Avia BH-33

1st Flight 1927
The Avia BH-33 was a biplane fighter aircraft built in Czechoslovakia in 1927.
Avia BH-33
It was based on the BH-21J which demonstrated promising results by combining the original BH-21 airframe with a licence-built Bristol Jupiter radial engine.
Avia BH-33
Other than the peculiar Avia hallmark of having an upper wing with a shorter span than the lower, it was utterly conventional, even featuring a tail fin for the first time in a Pavel Beneš and Miroslav Hajn design (previous aircraft had a rudder but no fin).
Avia BH-33
Czechoslovakian BH-33s never saw combat, and Poland’s examples had long been replaced in service by the time of the German invasion.
Avia BH-33
Two Yugoslavian machines did, however see combat against Luftwaffe Messerschmitt Bf 109s, but were both destroyed and their pilots killed.
Avia BH-33
Variants-
BH-33, First prototype.
BH-33-1, Two prototypes powered by Jupiter VI (second) and Jupiter VII (third) engines plus five serial built aircraft with Jupiter VII engine.
BH-33E, Rebuilt fuselage
BH-33E-SHS, Yugoslav Version powered by IAM K9 engine, 22 built.
BH-33L, Version with longer-span wings, powered by a Škoda L engine, 80 built.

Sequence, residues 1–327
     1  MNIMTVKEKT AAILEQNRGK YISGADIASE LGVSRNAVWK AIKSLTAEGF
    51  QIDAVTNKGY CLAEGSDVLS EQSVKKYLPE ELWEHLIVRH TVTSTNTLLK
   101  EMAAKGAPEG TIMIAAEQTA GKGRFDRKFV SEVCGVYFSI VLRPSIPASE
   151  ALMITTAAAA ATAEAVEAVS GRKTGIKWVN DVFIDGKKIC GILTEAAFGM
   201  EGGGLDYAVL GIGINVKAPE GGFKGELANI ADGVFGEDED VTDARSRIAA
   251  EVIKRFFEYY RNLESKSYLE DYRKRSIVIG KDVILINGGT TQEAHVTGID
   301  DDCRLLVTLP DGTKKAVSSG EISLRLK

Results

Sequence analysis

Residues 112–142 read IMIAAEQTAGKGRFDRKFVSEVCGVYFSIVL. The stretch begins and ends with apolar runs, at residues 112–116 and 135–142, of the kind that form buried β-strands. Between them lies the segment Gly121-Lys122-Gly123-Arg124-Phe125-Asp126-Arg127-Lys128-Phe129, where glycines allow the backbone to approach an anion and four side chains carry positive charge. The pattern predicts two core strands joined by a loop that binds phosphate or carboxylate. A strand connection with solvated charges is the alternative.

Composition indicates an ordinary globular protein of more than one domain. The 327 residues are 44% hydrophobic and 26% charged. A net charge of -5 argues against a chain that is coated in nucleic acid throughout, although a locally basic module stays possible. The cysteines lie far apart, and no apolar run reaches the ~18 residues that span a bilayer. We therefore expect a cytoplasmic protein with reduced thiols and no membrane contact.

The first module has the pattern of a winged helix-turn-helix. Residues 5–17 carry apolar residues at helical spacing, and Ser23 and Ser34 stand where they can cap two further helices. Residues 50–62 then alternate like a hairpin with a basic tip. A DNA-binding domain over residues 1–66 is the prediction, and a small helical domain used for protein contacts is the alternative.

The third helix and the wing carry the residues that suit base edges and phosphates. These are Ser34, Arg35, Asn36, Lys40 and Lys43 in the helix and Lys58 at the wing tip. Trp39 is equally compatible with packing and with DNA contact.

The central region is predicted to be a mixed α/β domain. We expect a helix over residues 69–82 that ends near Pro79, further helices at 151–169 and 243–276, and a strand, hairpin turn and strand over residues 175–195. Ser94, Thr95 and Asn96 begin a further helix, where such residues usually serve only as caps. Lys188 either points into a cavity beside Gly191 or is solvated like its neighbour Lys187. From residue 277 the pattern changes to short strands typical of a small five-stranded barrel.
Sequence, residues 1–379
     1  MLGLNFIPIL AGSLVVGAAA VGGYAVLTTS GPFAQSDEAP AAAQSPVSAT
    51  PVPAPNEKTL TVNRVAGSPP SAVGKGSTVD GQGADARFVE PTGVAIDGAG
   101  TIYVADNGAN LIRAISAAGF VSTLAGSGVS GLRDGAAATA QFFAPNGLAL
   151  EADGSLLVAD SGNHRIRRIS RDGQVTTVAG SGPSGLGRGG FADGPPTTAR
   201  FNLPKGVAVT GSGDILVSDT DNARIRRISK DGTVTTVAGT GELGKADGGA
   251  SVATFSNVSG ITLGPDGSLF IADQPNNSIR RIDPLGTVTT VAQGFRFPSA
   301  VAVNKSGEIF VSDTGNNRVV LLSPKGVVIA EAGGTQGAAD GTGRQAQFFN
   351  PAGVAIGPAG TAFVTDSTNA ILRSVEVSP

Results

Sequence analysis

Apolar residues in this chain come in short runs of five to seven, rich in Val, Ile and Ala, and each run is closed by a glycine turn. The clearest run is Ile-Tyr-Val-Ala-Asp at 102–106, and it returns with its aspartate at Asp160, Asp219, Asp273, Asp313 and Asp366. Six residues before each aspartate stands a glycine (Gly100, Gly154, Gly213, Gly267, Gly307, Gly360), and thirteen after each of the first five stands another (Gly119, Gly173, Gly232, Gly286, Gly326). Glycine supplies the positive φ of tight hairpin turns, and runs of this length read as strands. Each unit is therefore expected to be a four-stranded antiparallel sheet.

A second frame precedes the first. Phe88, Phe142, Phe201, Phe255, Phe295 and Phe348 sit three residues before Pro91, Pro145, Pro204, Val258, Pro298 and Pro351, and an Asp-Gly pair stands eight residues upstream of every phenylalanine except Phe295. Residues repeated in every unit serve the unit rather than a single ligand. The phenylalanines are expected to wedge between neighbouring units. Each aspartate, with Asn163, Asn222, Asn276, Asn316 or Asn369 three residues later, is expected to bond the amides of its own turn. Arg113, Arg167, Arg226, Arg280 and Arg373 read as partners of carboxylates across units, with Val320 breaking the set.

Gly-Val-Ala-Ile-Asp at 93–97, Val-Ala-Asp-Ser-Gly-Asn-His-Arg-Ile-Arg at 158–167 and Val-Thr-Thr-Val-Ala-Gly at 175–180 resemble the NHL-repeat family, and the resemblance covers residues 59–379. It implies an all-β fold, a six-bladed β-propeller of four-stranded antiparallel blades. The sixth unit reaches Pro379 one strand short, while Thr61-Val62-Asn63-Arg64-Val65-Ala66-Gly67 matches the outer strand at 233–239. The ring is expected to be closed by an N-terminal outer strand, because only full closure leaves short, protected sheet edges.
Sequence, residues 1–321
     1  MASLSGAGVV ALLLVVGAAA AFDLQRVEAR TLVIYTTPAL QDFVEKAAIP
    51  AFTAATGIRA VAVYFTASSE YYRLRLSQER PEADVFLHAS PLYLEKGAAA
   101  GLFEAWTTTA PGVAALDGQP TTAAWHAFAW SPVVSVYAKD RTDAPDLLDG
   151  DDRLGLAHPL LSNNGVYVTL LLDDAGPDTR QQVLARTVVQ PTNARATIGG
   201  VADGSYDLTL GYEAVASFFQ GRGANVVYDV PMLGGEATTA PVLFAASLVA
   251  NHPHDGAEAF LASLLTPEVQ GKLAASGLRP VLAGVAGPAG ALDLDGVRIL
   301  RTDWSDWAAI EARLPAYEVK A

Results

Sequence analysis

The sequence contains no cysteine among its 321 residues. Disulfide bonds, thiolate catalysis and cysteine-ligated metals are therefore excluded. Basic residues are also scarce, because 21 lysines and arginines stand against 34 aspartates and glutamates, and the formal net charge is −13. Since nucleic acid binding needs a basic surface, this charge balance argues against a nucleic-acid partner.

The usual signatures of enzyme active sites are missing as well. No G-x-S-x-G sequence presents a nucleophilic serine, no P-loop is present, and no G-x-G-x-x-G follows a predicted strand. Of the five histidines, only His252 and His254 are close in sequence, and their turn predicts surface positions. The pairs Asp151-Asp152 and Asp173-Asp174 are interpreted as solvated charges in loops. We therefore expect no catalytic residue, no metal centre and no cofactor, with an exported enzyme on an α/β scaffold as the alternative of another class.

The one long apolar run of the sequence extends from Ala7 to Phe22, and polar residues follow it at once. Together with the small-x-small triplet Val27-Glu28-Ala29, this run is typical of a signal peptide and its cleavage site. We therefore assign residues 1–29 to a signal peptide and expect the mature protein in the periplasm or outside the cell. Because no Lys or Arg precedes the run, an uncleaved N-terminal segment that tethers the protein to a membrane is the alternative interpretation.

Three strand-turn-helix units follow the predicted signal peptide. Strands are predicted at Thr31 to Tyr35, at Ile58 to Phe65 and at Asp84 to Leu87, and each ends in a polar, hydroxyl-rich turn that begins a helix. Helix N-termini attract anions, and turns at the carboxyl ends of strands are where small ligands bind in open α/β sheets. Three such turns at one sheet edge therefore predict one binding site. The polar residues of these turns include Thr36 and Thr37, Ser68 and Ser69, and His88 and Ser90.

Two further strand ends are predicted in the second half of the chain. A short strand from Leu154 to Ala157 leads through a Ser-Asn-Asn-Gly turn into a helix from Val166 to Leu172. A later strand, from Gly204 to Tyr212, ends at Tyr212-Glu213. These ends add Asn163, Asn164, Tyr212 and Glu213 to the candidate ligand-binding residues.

BH-33H (BH-133), Version powered by Pratt & Whitney Hornet engine, one built.
P.W.S.A, Polish license-built variant of the BH-33 with minor modifications, 50 built between 1929 and 1932.
Avia BH-33
Specifications-
Crew: one, pilot
Length: 7.22 m (23 ft 8 in)
Wingspan: 8.90 m (29 ft 2 in)
Height: 3.13 m (10 ft 3 in)
Avia BH-33
Wing area: 25.5 m2 (274 sq ft)
Empty weight: 1,117 kg (2,463 lb)
Gross weight: 1,560 kg (3,439 lb)
Power plant: 1 × Škoda L , 430 kW (580 hp)
Avia BH-33
Performance
Maximum speed: 298 km/h (186 mph, 162 kn)
Cruise speed: 280 km/h (174 mph, 151 kn)
Range: 450 km (280 mi, 240 nmi)
Service ceiling: 8,000 m (26,247 ft)
Rate of climb: 9.9 m/s (1,940 ft/min)
Avia BH-33
Armament
2 × fixed forward-firing 7.7 mm (.303 in) Vickers machine guns
2 × fixed forward-firing 7.92mm vz.28 machine gun
Avia BH-33
Credits-
Avia BH–33- Jiří Vraný
AVIA, The Aviation Collection-Antonín Vlasák II
The Complete Book of Fighters-William Green & Gordon Swanborough
Wikipedia.

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